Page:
Doctor says federal agents treating him like 'drug lord' Hitzig considers move from Baltimore area

October 03, 1997|By Michael James | Michael James,SUN STAFF

A Timonium doctor whose office was raided by federal agents investigating his use of cyberspace in prescribing fen-phen to people he never met says he is tired of "being treated like a Colombia drug lord" and may move his practice out of the Baltimore area.

"I would have thought this town would have made me their honored son by now," Dr. Pietr Hitzig, who has steadfastly

maintained that he has helped hundreds of patients around the world with his fen-phen protocol, said yesterday. "Instead, the authorities here are suppressing the answer to the drug and alcohol problem."

Hitzig says he has no immediate plans to leave. But he said he is considering the possibility of setting up in another state that would welcome what he called "new ideas."

Fen-phen, which was banned last month by the Food and Drug Administration on suspicion of having caused heart valve damage, is commonly used for weight-loss therapy. But Hitzig believes the drug combination has extraordinary benefits for treating other disorders, and he faxed prescriptions to pharmacies around the country before the ban.

He acknowledges that most of those prescriptions were written for people he had not met or physically examined but who had called him or sent him electronic mail after visiting his home page on the Internet. Hitzig has not been charged with any crime as federal authorities sift through paperwork and computers seized in Tuesday's raid.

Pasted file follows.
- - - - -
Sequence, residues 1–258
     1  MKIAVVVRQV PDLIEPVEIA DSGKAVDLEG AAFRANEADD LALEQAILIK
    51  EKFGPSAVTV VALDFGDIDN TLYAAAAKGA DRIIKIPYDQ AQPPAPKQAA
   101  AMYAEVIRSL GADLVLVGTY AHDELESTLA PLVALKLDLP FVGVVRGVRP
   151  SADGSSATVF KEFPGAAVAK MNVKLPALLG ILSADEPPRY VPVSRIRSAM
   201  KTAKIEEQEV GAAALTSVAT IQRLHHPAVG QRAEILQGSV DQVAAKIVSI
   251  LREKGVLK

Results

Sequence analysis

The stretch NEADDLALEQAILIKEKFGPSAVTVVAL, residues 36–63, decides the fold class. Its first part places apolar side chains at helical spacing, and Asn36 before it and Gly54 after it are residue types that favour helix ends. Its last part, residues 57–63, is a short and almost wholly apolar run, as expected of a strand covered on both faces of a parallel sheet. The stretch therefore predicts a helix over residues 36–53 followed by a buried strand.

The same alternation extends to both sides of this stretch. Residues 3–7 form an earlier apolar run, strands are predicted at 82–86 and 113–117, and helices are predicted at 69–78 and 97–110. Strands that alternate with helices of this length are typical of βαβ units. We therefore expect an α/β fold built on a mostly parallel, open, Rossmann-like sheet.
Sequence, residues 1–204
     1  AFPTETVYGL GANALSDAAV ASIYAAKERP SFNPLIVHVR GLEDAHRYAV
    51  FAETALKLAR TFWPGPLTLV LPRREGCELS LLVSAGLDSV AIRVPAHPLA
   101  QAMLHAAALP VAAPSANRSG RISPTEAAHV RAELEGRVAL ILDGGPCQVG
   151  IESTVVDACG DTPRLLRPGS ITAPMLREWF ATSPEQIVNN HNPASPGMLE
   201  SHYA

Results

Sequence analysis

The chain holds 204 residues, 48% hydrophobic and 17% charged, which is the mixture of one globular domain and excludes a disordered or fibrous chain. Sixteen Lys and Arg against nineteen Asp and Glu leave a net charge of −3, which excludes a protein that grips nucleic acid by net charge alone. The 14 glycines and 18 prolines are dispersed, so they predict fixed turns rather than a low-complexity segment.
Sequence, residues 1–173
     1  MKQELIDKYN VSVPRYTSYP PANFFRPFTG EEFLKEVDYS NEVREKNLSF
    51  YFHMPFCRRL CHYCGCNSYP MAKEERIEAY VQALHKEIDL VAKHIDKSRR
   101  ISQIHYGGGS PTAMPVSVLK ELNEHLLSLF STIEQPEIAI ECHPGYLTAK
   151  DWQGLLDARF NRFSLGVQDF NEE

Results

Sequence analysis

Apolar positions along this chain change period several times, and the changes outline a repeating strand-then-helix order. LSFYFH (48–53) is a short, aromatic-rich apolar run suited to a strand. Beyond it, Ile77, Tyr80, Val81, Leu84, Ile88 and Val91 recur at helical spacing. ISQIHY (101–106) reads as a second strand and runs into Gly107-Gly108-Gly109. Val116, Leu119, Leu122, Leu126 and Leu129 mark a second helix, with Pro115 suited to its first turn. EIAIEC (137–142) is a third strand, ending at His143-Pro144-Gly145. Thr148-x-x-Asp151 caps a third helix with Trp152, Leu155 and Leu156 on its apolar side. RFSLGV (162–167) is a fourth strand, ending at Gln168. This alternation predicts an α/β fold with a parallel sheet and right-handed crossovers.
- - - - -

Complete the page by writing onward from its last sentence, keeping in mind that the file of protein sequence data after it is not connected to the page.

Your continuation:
An official with the American Medical Association headquarters in Chicago said that prescribing drugs to unseen patients is not only bad medical practice, but a violation of drug licensing law as well.

"You would have to have a death wish to practice medicine that way," said Betty Jane Anderson, special counsel to the AMA.

"For a prescription to be legally valid, the drug has to be prescribed in the usual course of medical practice," Anderson said. "That has been interpreted by the courts to mean that the physician has to examine the patient and then have the documentation in the medical report to support the prescription."

Prescribing drugs to someone who contacted a doctor through e-mail or a phone call "would be a clear violation" that could cost a doctor his or her Drug Enforcement Administration registration license, Anderson said. That would mean the physician could no longer write prescriptions.

In blatant cases, the doctor's license to practice medicine could be revoked, she said.

The Maryland Board of Physician Quality Assurance initiated the investigation of Hitzig in December by making a complaint to the U.S. Drug Enforcement Administration, a federal affidavit said.

J. Michael Compton, the executive director of the board, said Hitzig could lose his medical license for a minimum of one year if he is found guilty of any crime involving "moral turpitude." If that happens, Hitzig's name would be reported to the National Practitioner Databank, which is consulted before any state allows a physician a license to practice.

Hitzig, whose office was raided after undercover drug agents posing as overweight businessmen bought fen-phen from him in a sting operation, said he believes he adhered to legal and proper medical standards.

"An examination can mean a mental or a physical examination. I conducted mental examinations, which is a legitimate way to collect the data you need," he said. "What was I supposed to do when a bulimia patient called from Florida? Say, 'Oh, no, if you can't pay for a flight up here, you're going to have to continue vomiting?' "

Hitzig said he has no intention of giving up his medical practice "just because people at Johns Hopkins dinner parties laugh and snicker" at his practices.

"I'm not going to abandon my patients," he said. "I'm not going to say, 'Sorry, the Gestapo came by my place, and I can't help you any more.' "

Pub Date: 10/03/97

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